Whether you’re starting out or feel your existing booking system isn’t working for you, this guide picks out the key criteria and helps you choose the right one!
There’s no one system that is best for everyone – it’s a bit like choosing a car. While a cheap small car might be great if you just want to pop to the shops, it will struggle with long journeys. But if you spend your time driving in muddy fields, the long distance car might not be the best choice for you!
There are three main types of things that you might like to offer to your customers; classes, appointments and events.
- Classes – Groups of customers, usually with repeated classes, with a leader or teacher, at a fixed time. Also small classes (e.g. 1-1 classes) at fixed time with a teacher.
- Appointments – Think hairdressing, beauty or financial advice. An open calendar and a customer can choose when they want to turn up.
- Events – Maybe a fun run. Generally one-off events.
Like the car example, you could use an appointment system to manage classes, but it will not be as comfortable managing multiple people and passes. Event systems will likely be expensive when used for class bookings as they need to earn their income from a small number of bookings.
Class vs appointments tools
When choosing a platform, it’s best to go with the type that is most suited to your style of business.
Mature class booking platforms are Mindbody, Glofox, Teamup and Makesweat. These are designed for group sessions and can also handle 1-1. They have all been around several years; this is important as booking is complicated and new platforms can be somewhat naive about the complexity involved.
Class tools typically feature…
- Proper visibility of enrollments to a class plus their PARQ answers,
- Multi-passes managed by the system (with expiry rules),
- Proper waitlisting (where waitlisted clients are automatically booked into a class in order of queue rather than simply being alerted that space has become available.),
- A ‘CRM’ capability to manage the lifecycle of clients,
- automatic reminders and prompts,
- and automatic pass renewals to support memberships.
Appointment (hair, beauty, financial advice, etc.) booking tools are Acuity, Bookwhen, with niche tools such as the Wix booking system. Because appointment booking is easier (and appointment booking is a bigger market segment than class booking) these platforms are all optimised for solo booking.
Appointment tools attempt to add class booking but as it’s not their core purposes they aren’t as suitable for running a full class-based business. They typically involve a secondary spreadsheet that you have to maintain to keep track of class credits; this is something we’ve seen several times with Acuity customers. Bookwhen has never implemented automatic renewals, for example, because it’s not so relevant for appointment booking.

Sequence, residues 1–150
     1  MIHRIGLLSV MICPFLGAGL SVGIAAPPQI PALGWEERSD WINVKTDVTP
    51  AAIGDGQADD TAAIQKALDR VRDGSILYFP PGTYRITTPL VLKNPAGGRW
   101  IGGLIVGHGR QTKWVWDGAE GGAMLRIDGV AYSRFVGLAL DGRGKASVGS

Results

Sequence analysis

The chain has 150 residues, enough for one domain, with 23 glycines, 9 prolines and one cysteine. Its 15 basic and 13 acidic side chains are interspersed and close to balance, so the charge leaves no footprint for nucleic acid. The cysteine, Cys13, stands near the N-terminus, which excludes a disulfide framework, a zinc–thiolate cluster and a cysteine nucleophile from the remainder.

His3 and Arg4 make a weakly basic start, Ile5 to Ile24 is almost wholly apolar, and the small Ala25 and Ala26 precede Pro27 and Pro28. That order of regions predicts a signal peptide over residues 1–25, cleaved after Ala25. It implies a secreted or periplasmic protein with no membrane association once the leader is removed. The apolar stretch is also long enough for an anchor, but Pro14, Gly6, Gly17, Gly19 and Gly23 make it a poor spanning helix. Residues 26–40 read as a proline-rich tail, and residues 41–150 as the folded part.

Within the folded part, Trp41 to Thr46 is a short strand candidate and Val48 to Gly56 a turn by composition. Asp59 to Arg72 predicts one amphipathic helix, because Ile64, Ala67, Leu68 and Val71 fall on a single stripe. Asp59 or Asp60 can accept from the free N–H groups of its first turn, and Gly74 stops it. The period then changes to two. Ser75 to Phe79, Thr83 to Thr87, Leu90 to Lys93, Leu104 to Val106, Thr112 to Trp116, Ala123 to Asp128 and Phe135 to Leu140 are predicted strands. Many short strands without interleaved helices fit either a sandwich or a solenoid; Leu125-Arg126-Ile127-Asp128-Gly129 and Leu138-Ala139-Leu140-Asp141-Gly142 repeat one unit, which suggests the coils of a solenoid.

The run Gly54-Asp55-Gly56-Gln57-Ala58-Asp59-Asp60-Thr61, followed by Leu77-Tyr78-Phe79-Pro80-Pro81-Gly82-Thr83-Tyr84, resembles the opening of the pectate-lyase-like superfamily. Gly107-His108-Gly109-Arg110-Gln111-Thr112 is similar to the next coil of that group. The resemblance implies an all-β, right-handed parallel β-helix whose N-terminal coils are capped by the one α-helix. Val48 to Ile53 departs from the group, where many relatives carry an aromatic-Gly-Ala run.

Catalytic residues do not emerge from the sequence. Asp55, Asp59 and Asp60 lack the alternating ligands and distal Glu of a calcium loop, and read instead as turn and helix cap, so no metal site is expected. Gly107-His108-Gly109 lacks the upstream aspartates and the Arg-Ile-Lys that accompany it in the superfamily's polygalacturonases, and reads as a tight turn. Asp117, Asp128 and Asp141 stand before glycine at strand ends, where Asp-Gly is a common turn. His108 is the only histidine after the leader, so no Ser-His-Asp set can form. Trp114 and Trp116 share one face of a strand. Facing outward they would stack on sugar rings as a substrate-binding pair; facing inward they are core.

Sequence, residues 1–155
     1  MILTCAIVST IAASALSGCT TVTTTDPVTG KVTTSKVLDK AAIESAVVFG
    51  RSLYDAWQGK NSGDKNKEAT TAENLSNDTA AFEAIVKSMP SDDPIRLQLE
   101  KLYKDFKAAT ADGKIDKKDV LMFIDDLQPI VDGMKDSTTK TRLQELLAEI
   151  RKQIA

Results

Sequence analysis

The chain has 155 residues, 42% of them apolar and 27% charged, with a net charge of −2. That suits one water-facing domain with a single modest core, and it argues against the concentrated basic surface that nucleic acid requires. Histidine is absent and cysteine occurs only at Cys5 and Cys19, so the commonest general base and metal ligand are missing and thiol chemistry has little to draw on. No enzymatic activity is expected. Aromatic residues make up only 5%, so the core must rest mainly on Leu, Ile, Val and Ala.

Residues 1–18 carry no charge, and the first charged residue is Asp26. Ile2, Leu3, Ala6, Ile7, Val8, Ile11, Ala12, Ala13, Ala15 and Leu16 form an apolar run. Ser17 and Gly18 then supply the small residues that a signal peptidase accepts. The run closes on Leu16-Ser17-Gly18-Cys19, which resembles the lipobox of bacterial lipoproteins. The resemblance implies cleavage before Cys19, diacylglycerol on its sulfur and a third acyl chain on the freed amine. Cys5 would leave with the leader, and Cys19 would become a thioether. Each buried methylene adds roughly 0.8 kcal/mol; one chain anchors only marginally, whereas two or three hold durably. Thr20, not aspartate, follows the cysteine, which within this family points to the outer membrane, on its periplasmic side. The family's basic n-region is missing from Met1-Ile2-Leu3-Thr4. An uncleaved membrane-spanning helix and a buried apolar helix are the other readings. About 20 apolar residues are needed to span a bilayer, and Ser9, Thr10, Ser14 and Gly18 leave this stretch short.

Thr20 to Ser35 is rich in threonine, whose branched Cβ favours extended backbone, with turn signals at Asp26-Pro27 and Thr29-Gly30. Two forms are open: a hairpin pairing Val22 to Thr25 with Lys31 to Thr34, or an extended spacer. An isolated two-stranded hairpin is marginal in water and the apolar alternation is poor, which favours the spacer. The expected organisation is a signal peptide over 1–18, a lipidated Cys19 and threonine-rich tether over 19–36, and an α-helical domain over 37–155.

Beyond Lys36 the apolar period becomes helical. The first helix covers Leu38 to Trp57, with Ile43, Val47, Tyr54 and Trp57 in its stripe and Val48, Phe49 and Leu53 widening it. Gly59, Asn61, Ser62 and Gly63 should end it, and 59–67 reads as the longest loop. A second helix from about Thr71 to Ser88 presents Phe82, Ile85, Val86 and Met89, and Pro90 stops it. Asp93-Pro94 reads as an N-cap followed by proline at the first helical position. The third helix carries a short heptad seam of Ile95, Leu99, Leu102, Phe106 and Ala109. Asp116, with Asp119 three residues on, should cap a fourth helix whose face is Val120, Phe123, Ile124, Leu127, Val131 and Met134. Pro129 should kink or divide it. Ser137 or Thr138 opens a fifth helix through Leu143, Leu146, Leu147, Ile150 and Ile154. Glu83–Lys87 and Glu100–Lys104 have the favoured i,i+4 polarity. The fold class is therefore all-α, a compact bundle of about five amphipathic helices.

If you’re a small business looking to remain small and really only do 1-1s, and are focused mainly on cost, appointment booking systems can seem a good low-cost option – just make sure you’re not going to get stuck in the future when your business grows.
Quality of integration
One of Makesweat’s key strength is the quality of the integration into existing sites. This is a recent Yoga teacher’s site that we think looks particularly good (https://www.cocoayoga.co.uk/book). Because of the way we’ve created the integration, it fills the whole page (rather than a box) and uses the host site font & colours.
Makesweat also has a separate ‘My Account’ widget to put on another page on your website, so clients can see their upcoming bookings and the history of their passes. It turns your website into a useful tool for a client.
Integrations using an iframe can cause a poor booking experience and suffer on mobile (where more than half bookings are made); it’s really only Makesweat’s widgets and Mindbody’s Healcode widget system that allow for a proper booking experience on desktop and mobile.
Fair price comparison
Platforms can be difficult to compare on price, as they’ll all have their own way of charging. Introductory discounts seem attractive but should not be the basis for making a decision; most platforms with give you a month or two to get going before they charge you.
- Makesweat has a zero recurring fee model for teachers getting started, charging only 3% of payments. When you’re starting up or want to offer just a few classes a week, this is likely the lowest cost way to get started. Our free website offer alone is worth at least £15 compared to a Wix site. Makesweat’s maximum cost is £49 per month and is a good choice once your business has reached a good scale (as it’s cheaper than paying 3%).
- Teamup is a similar price at £49 per month, but you have to pay this every month even if you’re not teaching. Teamup goes up to £69 per month once you have over 51 active clients – which most teachers will hit almost immediately as an active client is any within your client list on the system.
- Glofox aren’t very forthcoming about pricing but are known to be a minimum of $100 per month. Mindbody starts at £109 per month but once you get going you’ll end up having to pay more.
- Acuity is a basic appointment tool so can’t really be compared with the feature available in a class system; it costs £23 for the features you’d actually need for minimum class management.
- Bookwhen is also an appointment tool and goes up in pricing once you start scaling; if you’re a mid-sized business running classes you’ll likely have more than 800 enrollments per month and maybe more than 5 teachers – so will be onto the £39 + VAT (£47) pricing level.
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